- 1 cup sourdough starter
- 3 cups flour (1 cup can be rye or other whole grain flour)
- 1.5 tsp salt
- 1.5 cups water (this may vary based on the weight of your flour and the wetness of your starter)
This recipe is a sourdough adaptation, given to me by my professor, of a New York Times article for no-knead bread. The idea with this bread is that, instead of kneading, you just let it ferment for a long time. This straightens out the gluten and allows the yeast to do its work.
The following text is copied from the recipe given to me. I did not write it, I only changed the order of some paragraphs and added a few additional notes.
Making The Dough
Firstly, make sure that your sourdough starter is bubbly and active. You’ll need a cup of it for this recipe. A good rhythm is to take your sourdough starter out of the fridge in the morning and start feeding it, stir in a half cup of flour and some water a couple of times in the day and let it get nice and bubbly.
Mix up your dough in the evening. I like to mix the water and starter first, which allows the starter to dissolve a bit, and then add the flour and salt. The dough should be wetter than typical bread dough, but it should still be able to hold its shape without slumping too much. The amount of flour that you need to use to achieve this consistency may vary based on the type of flour.
I highly recommend adding one cup of water, mixing the dough, and then slowly adding the remaining 1/2 cup to achieve the desired consistency. The amount of water you actually need can vary considerably based on the type of flour you use, and the wetness of your starter.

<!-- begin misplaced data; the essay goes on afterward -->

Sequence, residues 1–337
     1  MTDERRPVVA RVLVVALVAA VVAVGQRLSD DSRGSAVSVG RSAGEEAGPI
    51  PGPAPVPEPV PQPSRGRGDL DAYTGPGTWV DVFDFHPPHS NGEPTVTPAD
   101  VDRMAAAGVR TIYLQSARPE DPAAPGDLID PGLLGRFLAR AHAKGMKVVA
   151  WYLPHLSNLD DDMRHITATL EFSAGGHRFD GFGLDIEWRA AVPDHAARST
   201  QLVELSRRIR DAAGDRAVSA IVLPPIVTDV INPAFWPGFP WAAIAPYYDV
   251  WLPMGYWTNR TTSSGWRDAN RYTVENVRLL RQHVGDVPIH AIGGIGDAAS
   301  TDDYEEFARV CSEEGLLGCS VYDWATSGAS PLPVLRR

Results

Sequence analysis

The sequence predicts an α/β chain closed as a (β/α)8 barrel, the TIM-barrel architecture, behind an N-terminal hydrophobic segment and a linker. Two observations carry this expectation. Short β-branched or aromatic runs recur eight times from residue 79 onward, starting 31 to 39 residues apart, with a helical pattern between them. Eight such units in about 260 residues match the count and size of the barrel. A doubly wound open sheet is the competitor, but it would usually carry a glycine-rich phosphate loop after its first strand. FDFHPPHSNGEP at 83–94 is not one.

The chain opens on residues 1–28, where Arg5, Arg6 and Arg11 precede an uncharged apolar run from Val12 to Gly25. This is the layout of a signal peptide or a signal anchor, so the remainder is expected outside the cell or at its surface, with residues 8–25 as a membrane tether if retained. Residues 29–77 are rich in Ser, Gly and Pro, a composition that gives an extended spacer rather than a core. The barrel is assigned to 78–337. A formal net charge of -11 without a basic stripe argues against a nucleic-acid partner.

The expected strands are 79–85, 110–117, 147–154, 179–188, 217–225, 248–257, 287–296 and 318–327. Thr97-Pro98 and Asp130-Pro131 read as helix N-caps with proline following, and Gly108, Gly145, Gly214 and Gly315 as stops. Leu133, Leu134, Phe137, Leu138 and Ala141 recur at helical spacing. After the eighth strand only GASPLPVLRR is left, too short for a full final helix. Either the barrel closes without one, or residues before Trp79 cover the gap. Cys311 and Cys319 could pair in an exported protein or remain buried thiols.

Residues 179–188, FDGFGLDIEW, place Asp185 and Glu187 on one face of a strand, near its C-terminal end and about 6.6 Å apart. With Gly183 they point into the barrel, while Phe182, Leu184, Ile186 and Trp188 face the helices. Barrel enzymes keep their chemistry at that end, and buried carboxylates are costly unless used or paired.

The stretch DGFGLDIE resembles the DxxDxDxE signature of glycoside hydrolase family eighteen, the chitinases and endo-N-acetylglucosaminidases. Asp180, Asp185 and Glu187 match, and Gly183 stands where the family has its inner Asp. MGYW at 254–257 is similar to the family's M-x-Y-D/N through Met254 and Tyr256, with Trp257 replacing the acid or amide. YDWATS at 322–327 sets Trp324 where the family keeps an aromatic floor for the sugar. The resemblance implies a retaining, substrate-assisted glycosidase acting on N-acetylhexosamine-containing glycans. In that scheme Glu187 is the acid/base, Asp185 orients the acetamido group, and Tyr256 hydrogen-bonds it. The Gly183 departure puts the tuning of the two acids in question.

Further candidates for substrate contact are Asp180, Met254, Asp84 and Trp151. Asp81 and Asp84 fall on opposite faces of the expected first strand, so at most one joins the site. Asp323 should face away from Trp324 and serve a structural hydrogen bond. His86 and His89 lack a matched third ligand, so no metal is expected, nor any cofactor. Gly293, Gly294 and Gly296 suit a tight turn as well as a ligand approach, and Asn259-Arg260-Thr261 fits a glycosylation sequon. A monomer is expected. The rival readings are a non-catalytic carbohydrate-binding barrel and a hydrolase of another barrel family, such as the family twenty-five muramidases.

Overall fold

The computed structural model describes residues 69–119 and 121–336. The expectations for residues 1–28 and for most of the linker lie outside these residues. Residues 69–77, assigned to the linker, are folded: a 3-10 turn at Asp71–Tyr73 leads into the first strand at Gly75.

This is about how your dough should look after mixing up. It will be wet but not watery!
Put some saran wrap over the top of the bowl and let it rise slowly all night at room temperature (about 10-12 hours). I would err on the side of less time, especially if you’re in a warm environment, to avoid over-proofing. Bake it in the morning.
Preparing To Bake
Put the pot and lid in which you plan to bake the bread into an oven and pre-heat to 500℉, or as hot as your oven can go. The best pan to use as a cloche would be a ceramic or cast iron casserole with a lid, but metal pots are OK too, so long as they don’t have any plastic or other pieces that could melt. You want to make sure that the pot is at least 5-6 inches tall from floor to rim to make sure there is enough room for the rising loaf.
Forming The Loaf
While the pots are heating, form the loaves. Sprinkle your surface with LOTS of flour. Dump the dough in the middle and carefully fold the four corners into the center. The dough will be too sticky to knead, so handle it minimally with well-floured hands. At this point, kneading the dough will destroy all those lovely bubbles that the yeast have worked so hard to create, so you really want to be as gentle as possible. The whole ball of dough should be well dusted with flour. Flip it over, folded side down, and put it on a piece of saran wrap and let it rest for a few minutes. You can use the same piece of saran wrap that you used earlier to cover the bowl!
When the oven is thoroughly pre-heated, carefully remove the pot from oven with oven mitts and remove lid. When you are ready to flip the dough into the pot, slide your left hand under the saran wrap and invert it into your right hand. Make sure you rub some flour on your hand first. Peel the saran wrap off your left hand and dump the dough, folded side up, into the pre-heated pan. Bake 30 minutes at 500℉ with the lid on and take it off for the last 15 minutes at 450℉ so that it browns on top. If your oven does not go to 500℉, just leave it at the hottest temperature it can do for the first 30 minutes.